PHILADELPHIA (AP) — The Philadelphia District Attorney’s office is asking that the city’s police department be held in contempt of court for failing to turn over information related to officers’ misconduct and disciplinary histories.

Attorneys in the office filed motions in the Philadelphia Court of Common Pleas and in Municipal Court Wednesday, as part of six ongoing criminal cases. District Attorney Larry Krasner and Patricia Cummings, the supervisor of the office’s Conviction Integrity Unit, said in a news conference Wednesday that the files are necessary to ensure the office upholds its Constitutional responsibility to disclose misconduct to defense attorneys and also to prevent wrongful convictions and make sure strong cases aren’t compromised.

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“We are not receiving the information we should be receiving under the law,” Krasner said. “What we really want is for them to comply… in such a way that we are able to live up to our Constitutional obligations.”

Prosecutors identified 16 cases involving a Philadelphia police officer who had sustained charges of falsifying documents. But that disciplinary information had not been disclosed to the District Attorney’s office, so prosecutors could not disclose it to the defense attorneys or court.

A spokesman said department officials hadn’t reviewed the motions and could not comment Wednesday afternoon. Krasner said he spoke to Police Commissioner Danielle Outlaw on Tuesday to inform her of the planned legal motions, and he was hopeful that they could reach a resolution.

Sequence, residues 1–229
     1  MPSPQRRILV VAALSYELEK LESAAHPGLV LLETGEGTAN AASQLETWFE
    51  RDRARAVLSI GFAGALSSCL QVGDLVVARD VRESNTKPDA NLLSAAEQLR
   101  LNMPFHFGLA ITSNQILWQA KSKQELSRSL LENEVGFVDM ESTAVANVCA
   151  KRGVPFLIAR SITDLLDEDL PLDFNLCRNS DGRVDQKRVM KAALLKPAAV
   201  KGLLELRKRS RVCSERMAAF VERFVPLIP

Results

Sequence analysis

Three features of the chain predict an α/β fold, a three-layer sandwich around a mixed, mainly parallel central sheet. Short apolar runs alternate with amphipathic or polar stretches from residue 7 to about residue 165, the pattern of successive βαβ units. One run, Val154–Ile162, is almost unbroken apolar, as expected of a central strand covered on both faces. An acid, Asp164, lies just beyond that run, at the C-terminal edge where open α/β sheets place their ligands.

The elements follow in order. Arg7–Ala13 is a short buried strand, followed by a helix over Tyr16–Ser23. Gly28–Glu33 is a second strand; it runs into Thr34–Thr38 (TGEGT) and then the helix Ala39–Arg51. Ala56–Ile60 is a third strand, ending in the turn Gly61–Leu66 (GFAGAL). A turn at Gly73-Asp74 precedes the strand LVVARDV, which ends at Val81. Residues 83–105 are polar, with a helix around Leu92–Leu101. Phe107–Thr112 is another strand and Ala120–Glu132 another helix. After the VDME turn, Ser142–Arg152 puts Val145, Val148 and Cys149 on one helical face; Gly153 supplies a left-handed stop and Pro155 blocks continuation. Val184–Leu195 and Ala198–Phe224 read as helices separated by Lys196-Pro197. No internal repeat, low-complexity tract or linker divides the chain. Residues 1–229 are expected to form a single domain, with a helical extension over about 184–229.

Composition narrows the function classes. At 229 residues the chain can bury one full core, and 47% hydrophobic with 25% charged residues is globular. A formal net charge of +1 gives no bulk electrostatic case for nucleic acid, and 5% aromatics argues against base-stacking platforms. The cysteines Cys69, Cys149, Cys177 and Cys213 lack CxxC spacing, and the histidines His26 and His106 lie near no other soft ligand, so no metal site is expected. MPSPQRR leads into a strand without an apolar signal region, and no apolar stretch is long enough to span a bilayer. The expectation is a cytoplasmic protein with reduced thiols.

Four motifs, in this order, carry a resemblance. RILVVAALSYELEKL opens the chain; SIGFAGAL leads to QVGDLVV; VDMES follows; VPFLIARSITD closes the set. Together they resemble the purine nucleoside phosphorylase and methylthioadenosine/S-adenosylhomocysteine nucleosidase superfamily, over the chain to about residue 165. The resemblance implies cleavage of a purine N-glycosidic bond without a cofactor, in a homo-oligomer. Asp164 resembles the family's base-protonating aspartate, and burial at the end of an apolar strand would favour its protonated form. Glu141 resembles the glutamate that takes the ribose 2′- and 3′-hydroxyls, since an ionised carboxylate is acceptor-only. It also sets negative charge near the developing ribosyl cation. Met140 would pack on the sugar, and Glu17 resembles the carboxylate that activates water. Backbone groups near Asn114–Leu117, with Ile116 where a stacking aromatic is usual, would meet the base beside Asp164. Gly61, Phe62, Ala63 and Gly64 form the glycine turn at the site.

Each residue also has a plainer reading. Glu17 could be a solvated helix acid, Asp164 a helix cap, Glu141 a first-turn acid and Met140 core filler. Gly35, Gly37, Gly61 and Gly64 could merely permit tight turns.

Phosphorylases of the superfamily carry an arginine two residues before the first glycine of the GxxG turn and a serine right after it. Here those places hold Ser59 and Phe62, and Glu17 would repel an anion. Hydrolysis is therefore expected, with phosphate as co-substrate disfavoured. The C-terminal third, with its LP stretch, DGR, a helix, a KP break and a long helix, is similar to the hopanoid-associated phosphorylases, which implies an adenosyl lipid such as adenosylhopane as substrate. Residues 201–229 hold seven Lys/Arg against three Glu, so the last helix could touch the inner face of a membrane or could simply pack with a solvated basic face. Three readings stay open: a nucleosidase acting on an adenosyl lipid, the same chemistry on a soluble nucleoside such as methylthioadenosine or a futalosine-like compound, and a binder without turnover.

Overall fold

The police misconduct database kept by the Conviction Integrity Unit includes information on officers who have histories of allegations involving lying, racial bias or excessive use of force. The list includes some officers who the office seeks to prevent from taking the witness stand and other officers’ whose histories of discipline or documented behaviors must be disclosed to defense attorneys.

Krasner said the lack of full disclosure from the department has been ongoing during his more than three-year tenure. His office had opened discussions with the department to try to find a better way of obtaining the information, but he said those discussions fell apart prior to Outlaw taking over in early 2020.

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Cummings explained the office and its attorneys would request information on officers from the police department and receive either notices that responsive files didn’t exist, or receive only small portions of files like a conclusion of an investigation that had also been heavily redacted.

“Sometimes we would know there was a responsive document because they had told us there was in response to previous requests,” Cummings said.

“The (police department) has been unilaterally making decisions about what we were entitled to have… and in what form we could have it,” she added, noting the department is not legally qualified to determine what must be turned over to defense attorneys or what might pose an issue in a case.

The office started issuing subpoenas to get the information. Cummings said at one point they had filed thousands of subpoenas and after not receiving a response for two weeks, the department then turned over the same limited and redacted materials it had been providing prior to the court orders.

The police department also adopted disciplinary policies that erase most disciplinary findings after five years, or two years depending on the specific violation or allegation. Cummings said the office has wrestled with making the department understand that regardless of their internal policies, the district attorney has a Constitutional responsibility to turn over any issues an officer has had for the duration of their career.

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